In a Wall Street Journal opinion piece, entrepreneur Jason Sadler explains how he uses Facebook to promote his small business and why he's ticked off about these changes.
Given the fact that part of my livelihood rests on interacting with my community on Facebook and putting out content, you can imagine how unhappy I was when I saw this new Promote button update.
Not only do I now see that Facebook wants me to pay to reach my hard-earned fans (following three and a half years of my relentless, audience-building work), but I can also see that by not paying I'm only reaching a very small percentage of my audience....
Basically, Facebook is now acknowledging that my posts aren't reaching most of my fans. I didn't know that previously because that information wasn't explicitly revealed to me.
The biggest problem for Facebook? Not only has it ticked off the teeming masses, it's also irked Lieutenant Sulu. George Takei, the "Star Trek" actor whose funny photos have attracted 3 million fans to his Facebook page, is threatening to fire his phaser at the social network. To summarize: Facebook fan page owners say user engagement is way down across the board; Facebook says nothing has changed, despite the extremely suspicious timing of its "promoted posts" product.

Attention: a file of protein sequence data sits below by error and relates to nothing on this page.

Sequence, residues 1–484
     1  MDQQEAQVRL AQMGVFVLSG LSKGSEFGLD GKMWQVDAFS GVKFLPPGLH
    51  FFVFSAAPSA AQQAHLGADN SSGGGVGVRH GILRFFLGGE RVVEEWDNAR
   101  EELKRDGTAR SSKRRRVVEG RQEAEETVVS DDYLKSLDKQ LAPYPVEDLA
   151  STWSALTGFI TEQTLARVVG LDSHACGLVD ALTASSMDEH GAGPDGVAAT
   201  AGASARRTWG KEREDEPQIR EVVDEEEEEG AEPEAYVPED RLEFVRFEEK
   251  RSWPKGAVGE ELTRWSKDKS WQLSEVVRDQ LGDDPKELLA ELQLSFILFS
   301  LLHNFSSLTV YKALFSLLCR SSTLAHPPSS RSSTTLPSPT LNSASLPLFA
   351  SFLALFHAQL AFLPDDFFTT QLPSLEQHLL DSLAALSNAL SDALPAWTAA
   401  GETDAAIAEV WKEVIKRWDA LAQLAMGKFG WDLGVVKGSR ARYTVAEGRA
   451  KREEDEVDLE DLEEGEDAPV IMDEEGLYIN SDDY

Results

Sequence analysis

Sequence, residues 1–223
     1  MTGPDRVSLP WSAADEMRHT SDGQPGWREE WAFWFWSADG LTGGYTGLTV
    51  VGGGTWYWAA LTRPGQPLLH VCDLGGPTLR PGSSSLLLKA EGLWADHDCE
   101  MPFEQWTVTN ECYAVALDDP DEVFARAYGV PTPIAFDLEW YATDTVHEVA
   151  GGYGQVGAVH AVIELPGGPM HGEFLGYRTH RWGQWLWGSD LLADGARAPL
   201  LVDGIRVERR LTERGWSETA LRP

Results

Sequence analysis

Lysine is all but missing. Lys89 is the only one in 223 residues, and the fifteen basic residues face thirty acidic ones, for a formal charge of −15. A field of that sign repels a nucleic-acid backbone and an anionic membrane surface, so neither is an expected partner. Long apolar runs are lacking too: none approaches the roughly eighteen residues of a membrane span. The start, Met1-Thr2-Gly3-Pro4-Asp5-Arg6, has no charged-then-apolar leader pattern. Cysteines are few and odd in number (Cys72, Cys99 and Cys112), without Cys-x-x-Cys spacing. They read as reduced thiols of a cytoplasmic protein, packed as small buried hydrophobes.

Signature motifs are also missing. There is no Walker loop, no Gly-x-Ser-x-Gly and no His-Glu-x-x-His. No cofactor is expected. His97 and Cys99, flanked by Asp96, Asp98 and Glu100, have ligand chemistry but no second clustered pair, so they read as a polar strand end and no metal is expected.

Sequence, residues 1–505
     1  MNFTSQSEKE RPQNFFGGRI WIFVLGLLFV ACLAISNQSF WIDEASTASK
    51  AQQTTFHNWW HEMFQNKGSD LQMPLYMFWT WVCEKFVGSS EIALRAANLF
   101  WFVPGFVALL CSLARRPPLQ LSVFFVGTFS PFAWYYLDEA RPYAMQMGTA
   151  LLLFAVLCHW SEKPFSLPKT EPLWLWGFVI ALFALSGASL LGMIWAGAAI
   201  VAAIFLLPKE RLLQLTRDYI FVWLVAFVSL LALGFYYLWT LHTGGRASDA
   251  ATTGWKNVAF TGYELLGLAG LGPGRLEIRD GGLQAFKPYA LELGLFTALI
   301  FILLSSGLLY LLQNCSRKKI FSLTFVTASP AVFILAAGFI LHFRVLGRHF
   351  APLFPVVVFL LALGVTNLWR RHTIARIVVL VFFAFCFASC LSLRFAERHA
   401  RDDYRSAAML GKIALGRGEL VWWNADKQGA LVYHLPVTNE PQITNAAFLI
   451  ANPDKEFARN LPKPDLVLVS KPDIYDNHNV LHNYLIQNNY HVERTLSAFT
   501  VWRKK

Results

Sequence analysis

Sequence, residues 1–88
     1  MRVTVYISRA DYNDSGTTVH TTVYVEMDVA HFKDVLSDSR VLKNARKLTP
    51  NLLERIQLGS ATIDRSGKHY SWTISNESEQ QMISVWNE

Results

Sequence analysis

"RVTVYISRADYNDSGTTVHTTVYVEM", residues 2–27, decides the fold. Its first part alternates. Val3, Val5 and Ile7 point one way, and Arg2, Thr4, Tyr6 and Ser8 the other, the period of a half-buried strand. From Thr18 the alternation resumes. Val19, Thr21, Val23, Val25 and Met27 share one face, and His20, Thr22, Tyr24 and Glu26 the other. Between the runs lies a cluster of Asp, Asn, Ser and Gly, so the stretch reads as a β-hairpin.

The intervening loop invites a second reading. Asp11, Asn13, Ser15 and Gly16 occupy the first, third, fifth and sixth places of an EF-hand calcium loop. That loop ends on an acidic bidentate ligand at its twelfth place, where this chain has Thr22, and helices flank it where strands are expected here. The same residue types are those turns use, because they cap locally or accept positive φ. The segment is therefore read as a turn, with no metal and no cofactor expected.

Personally, I smell a rat, and it's wearing a hoodie. The timing of these two things is too suspicious, and Facebook's long history of using bait-and-switch tactics is well documented. I'd expect some quiet adjustments to be made to its algorithms over the next few months to tamp down the complaints.
That, at least, would be the smart thing to do. For Facebook to lose people like Takei and his fans is way more dangerous than anything Anonymous could do to it.
Who or what would you like to see taken down by Anonymous? Post your top targets below or email me: email@example.com.
This article, "Lieutenant Sulu to Facebook: Engage (your users)," was originally published at InfoWorld.com. Follow the crazy twists and turns of the tech industry with Robert X. Cringely's Notes from the Field blog, and subscribe to Cringely's Notes from the Underground newsletter.